So what was nearly universally predicted has come to pass. NBC’s experiment stripping The Jay Leno Show will end, mercifully, in February, although many particulars regarding the primetime and late-night schedule remain to be worked out. While almost anyone not working for NBC might take this as a moment to say “I told you so,” I say, well yes, but also take the perhaps surprising move of giving NBC some credit for trying something.
NBC deserves an A- for taking a bold move with The Jay Leno Show, although a D for deployment. Any viewer or industry worker who thinks network television will continue without such bold changes is painfully disillusioned. I’m not typically a fan of prognosticating, but I bet by the decade’s end, at least one network will strip some part of prime time.
Where did NBC go wrong—can we count the ways? This was the wrong time frame and the wrong talent. By giving up 10:00, the experiment became a particularly contentious point for affiliates that depend on a strong 10:00 to carry audiences into news, both late-night and in the morning. Secondly, NBC gave up the opportunity for any kind of “grown-up” series programming because everything needed scheduled before 10:00. In addition to offering little of interest to a good chunk of the audience, this is problematic because of the substantial revenues for the conglomerate owning the network that come from selling programming—some of which is for a 10:00 maturity level—and NBC would soon have little to sell. Sadly, NBC’s one recent glimmer of programming potential, its effective re-invention of the cop franchise in Southland, had to be shipped off to TNT given the lack of room on a schedule bloated with Leno.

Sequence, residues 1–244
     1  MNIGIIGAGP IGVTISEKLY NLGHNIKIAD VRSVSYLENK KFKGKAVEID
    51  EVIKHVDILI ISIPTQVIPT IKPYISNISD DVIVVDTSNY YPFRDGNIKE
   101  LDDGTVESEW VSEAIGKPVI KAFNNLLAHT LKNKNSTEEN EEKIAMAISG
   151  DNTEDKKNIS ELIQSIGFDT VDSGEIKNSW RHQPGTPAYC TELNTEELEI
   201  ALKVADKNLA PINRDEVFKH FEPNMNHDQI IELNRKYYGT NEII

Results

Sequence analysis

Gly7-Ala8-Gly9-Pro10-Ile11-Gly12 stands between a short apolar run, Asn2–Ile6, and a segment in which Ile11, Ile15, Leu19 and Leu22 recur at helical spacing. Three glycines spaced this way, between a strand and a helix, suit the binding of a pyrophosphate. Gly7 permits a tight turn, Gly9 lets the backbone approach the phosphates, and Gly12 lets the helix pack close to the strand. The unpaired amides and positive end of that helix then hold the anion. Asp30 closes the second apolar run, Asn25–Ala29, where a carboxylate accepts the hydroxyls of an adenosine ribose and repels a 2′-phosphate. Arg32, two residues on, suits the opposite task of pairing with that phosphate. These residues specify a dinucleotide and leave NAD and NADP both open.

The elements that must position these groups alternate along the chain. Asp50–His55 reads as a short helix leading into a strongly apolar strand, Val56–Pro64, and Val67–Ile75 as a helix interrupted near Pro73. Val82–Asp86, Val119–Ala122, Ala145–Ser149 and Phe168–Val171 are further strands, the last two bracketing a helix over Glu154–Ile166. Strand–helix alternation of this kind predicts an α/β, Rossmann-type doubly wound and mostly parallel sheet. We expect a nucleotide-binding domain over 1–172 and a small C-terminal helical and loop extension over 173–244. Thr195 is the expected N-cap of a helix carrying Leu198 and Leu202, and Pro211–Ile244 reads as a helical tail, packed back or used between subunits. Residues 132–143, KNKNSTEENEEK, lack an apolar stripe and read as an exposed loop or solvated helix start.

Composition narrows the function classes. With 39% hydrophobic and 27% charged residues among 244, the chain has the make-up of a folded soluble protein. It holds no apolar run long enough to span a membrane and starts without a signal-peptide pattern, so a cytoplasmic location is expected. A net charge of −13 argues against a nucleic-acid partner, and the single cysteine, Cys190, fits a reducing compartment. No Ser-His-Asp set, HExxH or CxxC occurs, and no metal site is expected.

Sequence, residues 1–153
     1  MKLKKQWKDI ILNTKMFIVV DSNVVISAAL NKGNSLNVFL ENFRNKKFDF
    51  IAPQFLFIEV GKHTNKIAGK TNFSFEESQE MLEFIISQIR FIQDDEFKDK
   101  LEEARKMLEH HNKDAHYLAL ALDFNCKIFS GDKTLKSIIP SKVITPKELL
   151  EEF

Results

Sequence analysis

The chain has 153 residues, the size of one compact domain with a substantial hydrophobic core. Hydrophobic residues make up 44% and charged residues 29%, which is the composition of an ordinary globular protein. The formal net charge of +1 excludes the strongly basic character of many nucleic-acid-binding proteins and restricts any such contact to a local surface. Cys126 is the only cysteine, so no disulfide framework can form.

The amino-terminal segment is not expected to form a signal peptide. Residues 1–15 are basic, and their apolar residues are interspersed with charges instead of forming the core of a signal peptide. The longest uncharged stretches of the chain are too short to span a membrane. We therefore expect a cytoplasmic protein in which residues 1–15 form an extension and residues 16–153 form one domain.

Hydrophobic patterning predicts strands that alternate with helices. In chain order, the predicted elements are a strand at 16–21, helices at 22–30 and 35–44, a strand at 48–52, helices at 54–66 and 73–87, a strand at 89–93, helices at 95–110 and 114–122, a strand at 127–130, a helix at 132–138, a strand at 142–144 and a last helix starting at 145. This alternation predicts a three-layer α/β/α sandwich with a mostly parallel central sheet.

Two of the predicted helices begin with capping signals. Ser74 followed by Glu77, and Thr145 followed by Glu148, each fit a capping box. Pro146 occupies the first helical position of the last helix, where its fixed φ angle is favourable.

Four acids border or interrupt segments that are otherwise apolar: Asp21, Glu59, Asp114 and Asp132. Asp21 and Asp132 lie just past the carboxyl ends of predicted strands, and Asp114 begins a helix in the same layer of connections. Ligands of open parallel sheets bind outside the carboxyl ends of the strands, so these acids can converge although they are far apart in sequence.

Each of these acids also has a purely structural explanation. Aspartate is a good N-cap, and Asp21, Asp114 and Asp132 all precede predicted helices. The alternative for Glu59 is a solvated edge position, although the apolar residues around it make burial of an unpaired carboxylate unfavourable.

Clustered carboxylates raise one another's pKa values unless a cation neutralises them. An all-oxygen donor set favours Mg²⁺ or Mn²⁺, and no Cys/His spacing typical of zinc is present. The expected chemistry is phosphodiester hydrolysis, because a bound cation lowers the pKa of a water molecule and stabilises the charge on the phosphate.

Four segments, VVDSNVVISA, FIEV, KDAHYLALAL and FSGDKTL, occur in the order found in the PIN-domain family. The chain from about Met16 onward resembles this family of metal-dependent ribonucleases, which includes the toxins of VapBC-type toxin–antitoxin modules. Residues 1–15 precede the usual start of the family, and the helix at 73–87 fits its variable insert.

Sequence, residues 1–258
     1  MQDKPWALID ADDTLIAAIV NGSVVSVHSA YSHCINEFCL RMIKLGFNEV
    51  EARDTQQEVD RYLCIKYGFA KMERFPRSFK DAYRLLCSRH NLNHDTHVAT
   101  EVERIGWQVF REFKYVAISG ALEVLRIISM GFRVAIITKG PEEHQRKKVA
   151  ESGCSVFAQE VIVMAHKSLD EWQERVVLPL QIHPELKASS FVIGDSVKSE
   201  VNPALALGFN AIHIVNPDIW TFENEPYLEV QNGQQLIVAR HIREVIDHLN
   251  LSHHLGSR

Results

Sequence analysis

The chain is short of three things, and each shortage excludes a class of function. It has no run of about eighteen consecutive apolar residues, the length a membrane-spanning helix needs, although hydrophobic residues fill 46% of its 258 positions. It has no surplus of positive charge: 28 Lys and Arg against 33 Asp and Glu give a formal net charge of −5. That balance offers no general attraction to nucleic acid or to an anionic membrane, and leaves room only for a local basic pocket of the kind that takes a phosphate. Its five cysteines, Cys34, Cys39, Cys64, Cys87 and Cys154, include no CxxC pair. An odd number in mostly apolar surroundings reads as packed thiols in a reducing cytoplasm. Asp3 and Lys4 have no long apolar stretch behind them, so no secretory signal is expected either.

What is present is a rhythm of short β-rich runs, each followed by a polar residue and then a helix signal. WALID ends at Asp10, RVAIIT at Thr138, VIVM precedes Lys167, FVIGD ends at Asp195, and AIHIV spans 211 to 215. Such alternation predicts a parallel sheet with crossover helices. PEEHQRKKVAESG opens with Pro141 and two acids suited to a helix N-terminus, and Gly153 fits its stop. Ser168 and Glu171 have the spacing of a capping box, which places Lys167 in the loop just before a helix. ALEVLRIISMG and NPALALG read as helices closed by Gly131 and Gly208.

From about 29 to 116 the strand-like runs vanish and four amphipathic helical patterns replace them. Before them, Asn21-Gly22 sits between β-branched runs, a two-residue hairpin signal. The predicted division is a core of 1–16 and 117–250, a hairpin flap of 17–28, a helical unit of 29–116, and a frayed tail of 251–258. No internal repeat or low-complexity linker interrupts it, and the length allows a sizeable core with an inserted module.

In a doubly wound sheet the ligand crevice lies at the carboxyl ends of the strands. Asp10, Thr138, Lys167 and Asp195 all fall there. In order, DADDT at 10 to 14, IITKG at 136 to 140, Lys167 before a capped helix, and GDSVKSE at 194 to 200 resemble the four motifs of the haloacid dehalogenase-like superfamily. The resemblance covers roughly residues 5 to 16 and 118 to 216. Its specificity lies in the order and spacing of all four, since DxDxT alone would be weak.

The other mistake was not entirely realizing that this is not the television business of 1992. No one wanted to repeat the mess of the Carson/Leno/Letterman saga, and executives were reasonably worried about Leno going elsewhere, but in television of the late 2000s, would this have even mattered. Would a substantial audience really have followed, especially after a period of transition? The truth is, the breadth of audience Leno’s comedy aims for is an artifact of another era. A few might have followed to another network, but probably not enough to make a big difference. Sure, no one wants to be the one that Leno get away, but it isn’t hard to see how radically the comedic landscape of US has become focused on narrow tastes.
We’ll see what happens next; programming costs have to be decreased, but the complexity of network economics—with cost savings coming cheap programming, yet revenue coming from programming that can be sold in subsequent markets and from affiliates—there is no single solution or magic bullet. The Jay Leno Show didn’t save US broadcast networks, but it will take something that bold to do so.